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Climate realpolitik

India’s pledge is middle of the road, but opens up a larger, potentially productive conversation before Paris.

Written by Navroz K Dubash |
Updated: October 8, 2015 12:05:30 am

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Just past midnight on October 2, Gandhi Jayanti, but late at night on October 1 in Europe, the international deadline for submission, India released its official contribution to climate action for the upcoming climate negotiations in Paris in December. This intended nationally determined contribution (INDC) symbolically bridged timezones — the INDC is intended to speak to the international community, but firmly rests on domestic, “nationally determined”, foundations.

To understand how effectively India’s contribution has played internationally we need to understand the peculiar context of the Paris climate negotiations. The emergent climate regime will be built around bottom-up INDCs, such as India’s, which represent what each country is willing to do, based on its national circumstances and capabilities. This approach sets aside, at least for now, the thorny question of whether the contributions add up to enough greenhouse gas reductions to address the climate change problem and what we will collectively do if they do not. Instead, the intent is to generate positive sentiment and momentum, upon which future action can be built. Given the deadlock in climate politics for over two decades, this is a reasonable approach to — but only if it results in ever-greater action over time.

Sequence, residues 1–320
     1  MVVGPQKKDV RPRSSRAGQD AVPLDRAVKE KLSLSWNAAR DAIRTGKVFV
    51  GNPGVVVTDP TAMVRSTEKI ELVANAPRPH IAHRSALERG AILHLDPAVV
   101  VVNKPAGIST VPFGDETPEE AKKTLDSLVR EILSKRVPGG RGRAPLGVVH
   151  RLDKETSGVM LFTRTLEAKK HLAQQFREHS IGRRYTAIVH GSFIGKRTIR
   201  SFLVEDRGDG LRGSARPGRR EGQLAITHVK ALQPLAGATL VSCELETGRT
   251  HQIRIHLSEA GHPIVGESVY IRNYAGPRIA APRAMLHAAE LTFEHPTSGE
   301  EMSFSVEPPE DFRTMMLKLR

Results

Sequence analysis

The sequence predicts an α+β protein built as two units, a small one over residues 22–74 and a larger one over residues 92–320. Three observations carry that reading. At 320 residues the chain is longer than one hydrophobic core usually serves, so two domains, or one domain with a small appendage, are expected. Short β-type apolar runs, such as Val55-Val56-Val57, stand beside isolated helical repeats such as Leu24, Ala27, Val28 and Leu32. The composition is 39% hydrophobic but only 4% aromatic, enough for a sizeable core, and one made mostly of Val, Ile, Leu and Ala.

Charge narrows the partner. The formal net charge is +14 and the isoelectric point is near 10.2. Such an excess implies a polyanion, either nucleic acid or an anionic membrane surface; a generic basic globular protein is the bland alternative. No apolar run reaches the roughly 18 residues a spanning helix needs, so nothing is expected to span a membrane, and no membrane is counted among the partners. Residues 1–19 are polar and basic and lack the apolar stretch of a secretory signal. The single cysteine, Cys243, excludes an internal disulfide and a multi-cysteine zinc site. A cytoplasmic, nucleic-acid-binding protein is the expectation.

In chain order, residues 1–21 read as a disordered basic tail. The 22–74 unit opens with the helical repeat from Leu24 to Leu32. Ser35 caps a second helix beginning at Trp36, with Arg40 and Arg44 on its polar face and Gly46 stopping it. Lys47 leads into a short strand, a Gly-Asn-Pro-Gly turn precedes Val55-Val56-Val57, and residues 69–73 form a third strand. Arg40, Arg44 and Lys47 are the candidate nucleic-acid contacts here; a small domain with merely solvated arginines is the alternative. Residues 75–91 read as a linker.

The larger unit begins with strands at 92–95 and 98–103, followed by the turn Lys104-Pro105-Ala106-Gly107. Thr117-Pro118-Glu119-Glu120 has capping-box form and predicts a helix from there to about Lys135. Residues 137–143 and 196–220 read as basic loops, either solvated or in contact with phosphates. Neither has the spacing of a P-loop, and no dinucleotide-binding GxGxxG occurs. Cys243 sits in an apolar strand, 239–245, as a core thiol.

The build-up to Paris is based on a mutual non-aggression pact to sustain this fragile structure — if countries were to overtly criticise each other on the grounds of insufficient effort (muted grumbling is allowed), the structure would collapse. Since each country’s context is different, each can come up with its own benchmark(s) to justify its action. Thus, the US claims a relatively high future decarbonisation rate (rate at which non-carbon energy sources grow), obscuring attention to its extremely lax climate policy until now. China has offered a seemingly high 60-65 per cent target for reduction of emissions intensity (emissions per unit GDP) compared to 2005 levels by 2030, but its enormous ramp-up in annual emissions over the past decade on the back of a highly energy inefficient economy is set aside.

In this environment, the bar for India is relatively low, and with the aid of our INDC, we comfortably jump over it. Our narrative is defensible and has a sound basis: We have a substantial development burden ahead; we start from a low base of energy use and emissions; we will take measures to make our economy more climate resilient; and we will make good faith sector-by-sector efforts to follow a more climate-friendly path. Looking forward, we offer a reduction in our emissions intensity of 33-35 per cent below 2005 levels, an increase in the non-fossil share of electricity to 40 per cent by 2030, and a substantial increase in forest cover.